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Lawsuit would void state’s long-term energy contracts

The Associated Press
Thursday May 02, 2002

PASADENA, Calif. — A lawsuit filed Wednesday seeks to void the $43 billion in long-term energy contracts that California signed to end last year’s power crisis. 

The suit contends that contracts reached last year with 30 energy providers are improper because one of the state’s consultants had a conflict of interest. 

Vikram Budhraja of Pasadena was on a $100,000 retainer for the parent of Southern California Edison while advising the state on deals designed to rescue the utility from bankruptcy, according to the suit. 

Decisions should not be “tainted by the kind of financial entanglements as are abundant with these energy contracts,” state Sen. Tom McClintock, R-Thousand Oaks, one of eight GOP legislators who filed the lawsuit in Los Angeles Superior Court. 

The suit names Budhraja, the energy providers and the state Department of Water Resources, which was involved in the power contracts. 

McClintock, who is running for state controller and has long opposed the energy policies of Democratic Gov. Gray Davis, contends that the contracts overcharged California by as much as $14 billion. 

Budhraja disclosed the retainer in conflict of interest forms, and stayed out of deals that specifically would have benefited Edison, said Oscar Hidalgo, spokesman for the Department of Water Resources.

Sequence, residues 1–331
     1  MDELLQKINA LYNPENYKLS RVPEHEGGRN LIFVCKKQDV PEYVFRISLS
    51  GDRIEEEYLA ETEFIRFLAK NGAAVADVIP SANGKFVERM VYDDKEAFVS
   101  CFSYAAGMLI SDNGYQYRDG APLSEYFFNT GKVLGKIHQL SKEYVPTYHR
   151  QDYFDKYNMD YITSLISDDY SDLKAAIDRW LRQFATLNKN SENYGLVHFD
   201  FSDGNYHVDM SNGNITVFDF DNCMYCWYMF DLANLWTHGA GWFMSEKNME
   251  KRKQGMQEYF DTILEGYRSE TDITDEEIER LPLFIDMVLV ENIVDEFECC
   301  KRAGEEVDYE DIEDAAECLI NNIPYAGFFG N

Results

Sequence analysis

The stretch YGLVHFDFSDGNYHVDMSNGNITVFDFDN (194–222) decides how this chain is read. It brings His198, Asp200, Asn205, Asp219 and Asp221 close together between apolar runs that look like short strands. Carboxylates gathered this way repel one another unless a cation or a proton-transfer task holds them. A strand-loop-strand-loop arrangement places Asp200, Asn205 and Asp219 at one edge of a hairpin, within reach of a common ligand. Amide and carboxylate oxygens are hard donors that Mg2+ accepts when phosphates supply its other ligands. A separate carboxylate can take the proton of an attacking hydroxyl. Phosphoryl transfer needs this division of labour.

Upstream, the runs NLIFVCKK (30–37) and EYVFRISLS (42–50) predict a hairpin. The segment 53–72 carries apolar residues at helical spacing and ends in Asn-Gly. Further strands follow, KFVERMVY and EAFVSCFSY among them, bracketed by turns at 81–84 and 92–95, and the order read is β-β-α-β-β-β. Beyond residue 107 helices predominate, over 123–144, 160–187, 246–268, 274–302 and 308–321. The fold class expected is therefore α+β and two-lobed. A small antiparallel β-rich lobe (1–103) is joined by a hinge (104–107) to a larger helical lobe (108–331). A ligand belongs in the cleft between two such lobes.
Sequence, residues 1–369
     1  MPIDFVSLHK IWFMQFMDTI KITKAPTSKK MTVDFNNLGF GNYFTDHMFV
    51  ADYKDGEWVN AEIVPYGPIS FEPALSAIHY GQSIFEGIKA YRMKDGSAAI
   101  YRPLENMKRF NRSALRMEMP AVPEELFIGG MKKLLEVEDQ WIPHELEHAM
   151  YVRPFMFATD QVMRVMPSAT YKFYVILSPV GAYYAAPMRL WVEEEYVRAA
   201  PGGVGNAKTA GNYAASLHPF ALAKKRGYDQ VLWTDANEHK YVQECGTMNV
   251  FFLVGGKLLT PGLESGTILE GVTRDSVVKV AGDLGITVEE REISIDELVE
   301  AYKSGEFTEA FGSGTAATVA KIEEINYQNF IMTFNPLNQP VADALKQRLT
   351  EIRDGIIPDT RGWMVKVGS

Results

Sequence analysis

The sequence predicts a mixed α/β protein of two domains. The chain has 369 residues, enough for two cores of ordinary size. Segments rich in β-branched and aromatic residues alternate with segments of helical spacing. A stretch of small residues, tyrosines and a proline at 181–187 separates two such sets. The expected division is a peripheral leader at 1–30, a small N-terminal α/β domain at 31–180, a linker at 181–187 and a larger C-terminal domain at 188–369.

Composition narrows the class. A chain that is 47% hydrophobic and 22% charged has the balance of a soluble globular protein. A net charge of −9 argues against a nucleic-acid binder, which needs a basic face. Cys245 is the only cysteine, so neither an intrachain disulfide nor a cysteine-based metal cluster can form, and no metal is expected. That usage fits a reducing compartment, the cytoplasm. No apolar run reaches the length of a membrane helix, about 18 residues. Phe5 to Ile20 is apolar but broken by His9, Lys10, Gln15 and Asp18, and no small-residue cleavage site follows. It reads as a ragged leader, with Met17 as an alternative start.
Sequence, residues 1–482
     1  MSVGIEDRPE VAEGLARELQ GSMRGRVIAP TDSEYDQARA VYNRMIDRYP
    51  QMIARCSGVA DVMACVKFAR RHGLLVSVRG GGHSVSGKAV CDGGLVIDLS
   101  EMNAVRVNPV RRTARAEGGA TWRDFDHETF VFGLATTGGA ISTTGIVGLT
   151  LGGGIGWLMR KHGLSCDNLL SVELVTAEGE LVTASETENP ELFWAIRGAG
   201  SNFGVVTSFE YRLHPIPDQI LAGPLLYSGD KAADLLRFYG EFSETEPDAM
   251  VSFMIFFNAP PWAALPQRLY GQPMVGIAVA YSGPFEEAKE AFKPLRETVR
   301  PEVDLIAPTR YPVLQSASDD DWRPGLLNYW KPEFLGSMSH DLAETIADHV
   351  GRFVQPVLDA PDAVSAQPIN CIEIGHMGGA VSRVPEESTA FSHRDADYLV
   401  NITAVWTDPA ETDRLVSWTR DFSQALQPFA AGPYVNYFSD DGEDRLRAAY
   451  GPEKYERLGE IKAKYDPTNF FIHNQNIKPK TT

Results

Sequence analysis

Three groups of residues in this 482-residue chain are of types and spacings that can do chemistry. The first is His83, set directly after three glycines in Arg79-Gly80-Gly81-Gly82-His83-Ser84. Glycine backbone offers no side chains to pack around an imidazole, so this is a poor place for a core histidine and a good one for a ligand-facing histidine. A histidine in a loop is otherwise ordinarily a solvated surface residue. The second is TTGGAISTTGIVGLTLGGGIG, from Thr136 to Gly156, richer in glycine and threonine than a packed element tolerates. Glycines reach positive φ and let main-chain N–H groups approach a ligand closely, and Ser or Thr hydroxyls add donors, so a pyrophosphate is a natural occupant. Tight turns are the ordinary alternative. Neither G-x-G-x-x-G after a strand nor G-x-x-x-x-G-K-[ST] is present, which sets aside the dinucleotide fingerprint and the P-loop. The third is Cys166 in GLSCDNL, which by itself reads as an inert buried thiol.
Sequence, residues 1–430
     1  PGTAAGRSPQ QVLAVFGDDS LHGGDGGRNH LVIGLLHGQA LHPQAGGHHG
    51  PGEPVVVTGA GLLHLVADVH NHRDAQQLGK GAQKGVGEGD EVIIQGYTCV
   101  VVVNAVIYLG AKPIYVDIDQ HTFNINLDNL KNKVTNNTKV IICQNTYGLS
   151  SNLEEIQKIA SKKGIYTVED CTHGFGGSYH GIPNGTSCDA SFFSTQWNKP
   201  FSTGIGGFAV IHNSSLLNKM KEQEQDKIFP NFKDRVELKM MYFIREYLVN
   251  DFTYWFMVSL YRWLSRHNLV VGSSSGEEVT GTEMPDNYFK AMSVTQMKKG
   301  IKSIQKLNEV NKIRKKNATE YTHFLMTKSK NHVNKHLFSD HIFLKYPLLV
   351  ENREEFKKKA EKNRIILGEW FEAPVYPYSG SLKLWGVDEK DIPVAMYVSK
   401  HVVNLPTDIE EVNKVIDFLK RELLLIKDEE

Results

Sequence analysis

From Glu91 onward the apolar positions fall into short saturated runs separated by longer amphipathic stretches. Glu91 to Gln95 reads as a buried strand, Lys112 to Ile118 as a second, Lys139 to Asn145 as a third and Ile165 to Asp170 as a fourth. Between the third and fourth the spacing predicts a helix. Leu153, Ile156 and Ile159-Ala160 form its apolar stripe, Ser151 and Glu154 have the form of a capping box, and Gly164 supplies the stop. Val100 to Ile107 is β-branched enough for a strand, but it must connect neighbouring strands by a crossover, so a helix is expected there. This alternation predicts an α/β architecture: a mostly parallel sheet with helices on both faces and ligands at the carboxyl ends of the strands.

He noted that the state attorney general’s office and the federal Fair Political Practices Commission began investigating the potential conflicts of interest last year. 

“There’s nothing new here. It’s a recycled item,” Hidalgo said. “It strikes as a political ploy to keep this issue somehow alive and in the news during an election year.” 

“We’re confident that this lawsuit will be laughed out of court,” said Steve Maviglio, a spokesman for the governor. 

California signed 56 long-term power deals last year at the height of the power crisis. The Department of Water Resources began buying electricity in January 2001, after high wholesale costs sent Edison and two other utilities deep into debt and left them unable to purchase power for their customers. 

Davis has credited the long-term deals, which range up to 20 years, with taming the market and providing reliable supplies. At the time, the contract prices for the state’s power sales were 75 percent lower than spot market rates, Maviglio said. 

Since they were signed, however, wholesale electricity prices have dropped to less than half the $69 per megawatt hour average of the long-term deals, leading critics to say the state was rolled by the power companies and stuck consumers with a decade of high prices. 

The administration recently renegotiated eight contracts, saving about $3.5 billion, but McClintock contends that the state still was drastically overcharged. 

The lawsuit plaintiffs also include the United States Justice Foundation, a nonprofit group that describes itself as “your conservative voice in the courts”; state Sen. Ross Johnson, R-Irvine; Republican Assembly leader Dave Cox of Fair Oaks and five other GOP Assembly members. 

McClintock and the foundation also sued to void the contracts in November. That suit against Davis and the water resources department claimed the contracts were invalid because they were negotiated in secret and allegedly violated antitrust laws. A hearing in that suit is scheduled for May 17.